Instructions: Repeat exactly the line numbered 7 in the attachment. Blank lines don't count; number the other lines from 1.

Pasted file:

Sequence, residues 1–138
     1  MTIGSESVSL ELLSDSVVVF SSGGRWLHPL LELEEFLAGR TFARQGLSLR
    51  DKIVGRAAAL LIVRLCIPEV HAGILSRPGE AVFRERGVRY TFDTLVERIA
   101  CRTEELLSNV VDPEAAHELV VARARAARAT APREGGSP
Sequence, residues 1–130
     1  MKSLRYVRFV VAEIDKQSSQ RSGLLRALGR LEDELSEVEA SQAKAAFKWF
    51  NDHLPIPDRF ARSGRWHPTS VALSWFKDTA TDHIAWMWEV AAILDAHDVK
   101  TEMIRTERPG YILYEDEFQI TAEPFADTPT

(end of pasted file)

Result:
    51  NDHLPIPDRF ARSGRWHPTS VALSWFKDTA TDHIAWMWEV AAILDAHDVK